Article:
Many of us now scaring to invest as the market is at an all time high. Many are eagerly waiting for the so-called second wave of market fall due to Covid.
Is it the right strategy?
Or what if you invest ONLY at all time high NIFTY? Or when the market is at all time high?
Yesterday I was reading the book “A Wealth of Common Sense” by Ben Carlson.
Here, I found one interesting story of a person whom the author described as the world’s worst market timer.
Let me share that story for your understanding.
His name is Mr.Bob. His investment journey is full of the worst market timing. He invested whenever the market touched its all time high.
He began his career in 1970 at the age of 22 years. He was a great saver and planner. His simple plan was to save $2,000 a year during the 1970s and increase that amount up by $2,000 each decade until he retires at the age of 65 years (2013).
So the simple strategy was $2,000 a year during the 70s, $4,000 a year during the 80s, $6,000 a year during the 90s, $8,000 a year until he retired.
So according to his saving plan, he started saving $2,000 a year in his bank account. What he did was once he accumulated $6,000 in 1972, he invested the whole $6,000 in the stock market.
He was so unlucky that the market crashed around 50% during 1973-74.
However, his only commitment was that once he invested the money he would not withdraw it (no matter whatever the ups and downs) or the loss % he can see in his portfolio.
After this crash, he felt uncomfortable investing and accumulated his yearly savings for around $46,000 and invested in S&P 500 index fund in 1987.
Here too he entered the market exactly when the market was at a high level.
After the 1987 peak, the market crashed to almost around 35%.
After 1987, Bob did not find the right time to invest in the stock market up to 1999. He had another $68,000 of savings to invest. This time he invested at the end of December in 1999. It was just before a 50% downturn that lasted until 2002.
This 50% crash made him stay away from the stock market from fresh investing (DO REMEMBER THAT HE DID NOT WITHDRAW WHAT HE INVESTED).
His final investment was made in October of 2007 when he invested $64,000 which he had been saving since 2000.
He rounded out his string of horrific market timing calls by buying right before another 50% crash in 2008.
After the financial crisis of 2008, he decided to continue to save his money in the bank (another $40,000) but kept his stock investments in the market until he retired at the end of 2013.
Therefore he invested just before the 1973-74 crash, 1987 crash, 2000 and 2008 crash.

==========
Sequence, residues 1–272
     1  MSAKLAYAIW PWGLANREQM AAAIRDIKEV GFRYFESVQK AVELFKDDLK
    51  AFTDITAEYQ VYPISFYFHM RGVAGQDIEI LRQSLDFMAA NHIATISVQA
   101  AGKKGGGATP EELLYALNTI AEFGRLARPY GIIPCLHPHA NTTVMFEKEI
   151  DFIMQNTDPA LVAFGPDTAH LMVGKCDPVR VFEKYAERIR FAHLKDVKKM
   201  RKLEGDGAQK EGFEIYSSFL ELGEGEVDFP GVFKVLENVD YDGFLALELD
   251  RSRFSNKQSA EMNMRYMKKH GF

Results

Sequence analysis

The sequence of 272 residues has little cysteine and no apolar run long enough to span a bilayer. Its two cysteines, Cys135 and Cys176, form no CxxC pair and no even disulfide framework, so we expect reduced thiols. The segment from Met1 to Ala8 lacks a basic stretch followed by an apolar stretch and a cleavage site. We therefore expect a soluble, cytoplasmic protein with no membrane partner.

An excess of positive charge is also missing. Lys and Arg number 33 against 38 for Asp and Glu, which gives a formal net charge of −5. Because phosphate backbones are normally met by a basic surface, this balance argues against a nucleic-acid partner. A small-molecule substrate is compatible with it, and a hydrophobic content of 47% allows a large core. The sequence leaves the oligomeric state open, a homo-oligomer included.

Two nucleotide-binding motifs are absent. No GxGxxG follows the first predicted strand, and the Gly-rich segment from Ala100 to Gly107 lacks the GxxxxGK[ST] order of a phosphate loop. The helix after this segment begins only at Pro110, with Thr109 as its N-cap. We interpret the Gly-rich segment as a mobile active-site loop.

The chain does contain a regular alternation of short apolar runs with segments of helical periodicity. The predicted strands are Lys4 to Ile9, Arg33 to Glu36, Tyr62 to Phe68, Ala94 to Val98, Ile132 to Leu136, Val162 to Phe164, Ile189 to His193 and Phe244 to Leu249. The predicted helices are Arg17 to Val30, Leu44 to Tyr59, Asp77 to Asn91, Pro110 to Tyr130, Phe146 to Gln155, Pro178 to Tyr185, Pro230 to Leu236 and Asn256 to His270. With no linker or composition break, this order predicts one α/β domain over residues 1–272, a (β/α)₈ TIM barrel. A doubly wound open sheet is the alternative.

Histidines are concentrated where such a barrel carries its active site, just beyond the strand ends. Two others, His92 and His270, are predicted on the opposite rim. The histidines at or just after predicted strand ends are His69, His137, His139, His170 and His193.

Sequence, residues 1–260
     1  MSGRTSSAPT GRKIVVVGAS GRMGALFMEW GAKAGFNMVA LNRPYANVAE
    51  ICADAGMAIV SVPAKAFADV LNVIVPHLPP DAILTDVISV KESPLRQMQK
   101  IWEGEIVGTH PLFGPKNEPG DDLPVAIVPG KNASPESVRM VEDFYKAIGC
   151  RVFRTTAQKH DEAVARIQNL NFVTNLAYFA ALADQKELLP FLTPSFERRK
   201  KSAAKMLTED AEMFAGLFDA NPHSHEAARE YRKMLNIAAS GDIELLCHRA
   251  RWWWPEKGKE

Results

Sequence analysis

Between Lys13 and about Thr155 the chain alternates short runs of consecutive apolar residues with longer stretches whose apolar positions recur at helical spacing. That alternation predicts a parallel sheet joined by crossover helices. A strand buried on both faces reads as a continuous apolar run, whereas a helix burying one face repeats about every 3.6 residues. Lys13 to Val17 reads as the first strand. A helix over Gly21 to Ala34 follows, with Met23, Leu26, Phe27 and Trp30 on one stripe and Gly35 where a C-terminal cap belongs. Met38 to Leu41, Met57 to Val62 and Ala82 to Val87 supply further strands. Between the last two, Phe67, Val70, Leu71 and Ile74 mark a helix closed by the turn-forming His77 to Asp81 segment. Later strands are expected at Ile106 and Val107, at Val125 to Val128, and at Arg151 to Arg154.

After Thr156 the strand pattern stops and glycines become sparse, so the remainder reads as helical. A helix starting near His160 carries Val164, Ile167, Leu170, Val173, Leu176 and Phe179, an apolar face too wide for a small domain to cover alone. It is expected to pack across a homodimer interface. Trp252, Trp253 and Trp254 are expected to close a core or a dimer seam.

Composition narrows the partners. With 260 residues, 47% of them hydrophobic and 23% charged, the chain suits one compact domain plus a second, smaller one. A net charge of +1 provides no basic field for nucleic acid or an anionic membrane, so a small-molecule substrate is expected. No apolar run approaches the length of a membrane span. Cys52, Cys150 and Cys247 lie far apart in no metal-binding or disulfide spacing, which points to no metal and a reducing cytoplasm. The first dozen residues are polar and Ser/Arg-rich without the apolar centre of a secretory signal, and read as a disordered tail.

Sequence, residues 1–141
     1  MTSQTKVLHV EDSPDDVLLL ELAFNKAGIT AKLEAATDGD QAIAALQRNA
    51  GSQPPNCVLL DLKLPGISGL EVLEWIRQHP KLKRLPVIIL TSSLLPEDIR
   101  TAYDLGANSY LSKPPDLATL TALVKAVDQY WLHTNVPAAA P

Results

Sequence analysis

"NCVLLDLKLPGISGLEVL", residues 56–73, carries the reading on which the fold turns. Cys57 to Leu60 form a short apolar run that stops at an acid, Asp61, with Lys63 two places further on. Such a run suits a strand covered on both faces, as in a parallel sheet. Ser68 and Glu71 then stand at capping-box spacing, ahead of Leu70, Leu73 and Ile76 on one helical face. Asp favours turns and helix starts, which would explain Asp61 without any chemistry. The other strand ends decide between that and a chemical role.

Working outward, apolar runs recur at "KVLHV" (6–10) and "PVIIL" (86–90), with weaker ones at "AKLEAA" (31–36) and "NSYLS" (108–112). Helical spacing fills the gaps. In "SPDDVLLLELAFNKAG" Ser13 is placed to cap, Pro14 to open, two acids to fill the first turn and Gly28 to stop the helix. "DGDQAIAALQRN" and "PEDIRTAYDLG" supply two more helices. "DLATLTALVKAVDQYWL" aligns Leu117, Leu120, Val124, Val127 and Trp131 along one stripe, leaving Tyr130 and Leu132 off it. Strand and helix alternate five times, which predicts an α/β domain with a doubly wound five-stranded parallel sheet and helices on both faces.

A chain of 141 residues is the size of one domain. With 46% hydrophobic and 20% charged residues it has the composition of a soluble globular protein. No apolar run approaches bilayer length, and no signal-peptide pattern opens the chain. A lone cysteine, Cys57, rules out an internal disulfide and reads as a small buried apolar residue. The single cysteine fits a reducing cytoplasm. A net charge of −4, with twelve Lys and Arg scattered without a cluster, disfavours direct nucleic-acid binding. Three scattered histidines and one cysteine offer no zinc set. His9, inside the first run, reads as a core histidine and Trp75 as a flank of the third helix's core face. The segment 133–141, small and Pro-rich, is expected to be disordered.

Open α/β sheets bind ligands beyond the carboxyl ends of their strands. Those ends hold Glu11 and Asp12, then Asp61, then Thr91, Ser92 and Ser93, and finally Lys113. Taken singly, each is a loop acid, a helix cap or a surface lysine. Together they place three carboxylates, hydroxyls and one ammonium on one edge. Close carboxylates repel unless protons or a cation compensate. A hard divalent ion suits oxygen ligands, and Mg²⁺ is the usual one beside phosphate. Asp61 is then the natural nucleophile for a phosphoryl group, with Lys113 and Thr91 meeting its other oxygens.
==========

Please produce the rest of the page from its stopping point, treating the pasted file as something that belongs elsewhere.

His invested dates are as below.
- In December 1972 he invested $6,000 and after that, he faced a -48% downfall.
- In August 1987 he invested $46,000 and after that, he faced the -34% downfall.
- In December 1999 he invested $68,000 and after that, he faced a -49% downfall.
- In October 2007 he invested $64,000 and after that, he faced a -52% downfall.
But during all these four falls he might stay away from fresh investing. However, he not withdrew the invested amount.
HE NEVER SOLD A SINGLE SHARE of what he invested.
FINALLY….Even though he only bought at the very top of the market, Bob still ended up a millionaire with $1.1 million.
What if you invest ONLY when the Market is at all time high?
So what we can learn from this story?
# He planned his investment well in advance and in fact, he increased his savings drastically as he planned.
# He gave around 40 years of compounding effect on his investment (Refer to my post “Power Of Compound Interest – NOT the 8th Wonder of the world!).
# He stood strong when his portfolio looked around 50% downfall and especially after his investment.
# No matter whatever the portfolio value, he simply saved as per his plan.
# He adopted the simple low-cost Index investing.
Even though it is a story for illustrative purposes, if someone really invested during those periods and stayed invested like how Mr.Bob did, then obviously the valuation is of what I mentioned above.
Define the goals….Set the asset allocation….Notional losses are part of the investment game but how you react to these notional losses will convert your portfolio into either a profitable or loss-making portfolio.
Save more, invest for the long term with proper asset allocation. Today’s all-time high may be low if you look back after 10 years or so.
I will end this post by sharing a quote from Peter Lynch.
“I can’t recall ever once having seen the name of a market timer on Forbes‘ annual list of the richest people in the world. If it were truly possible to predict corrections, you’d think somebody would have made billions by doing it.” – Peter Lynch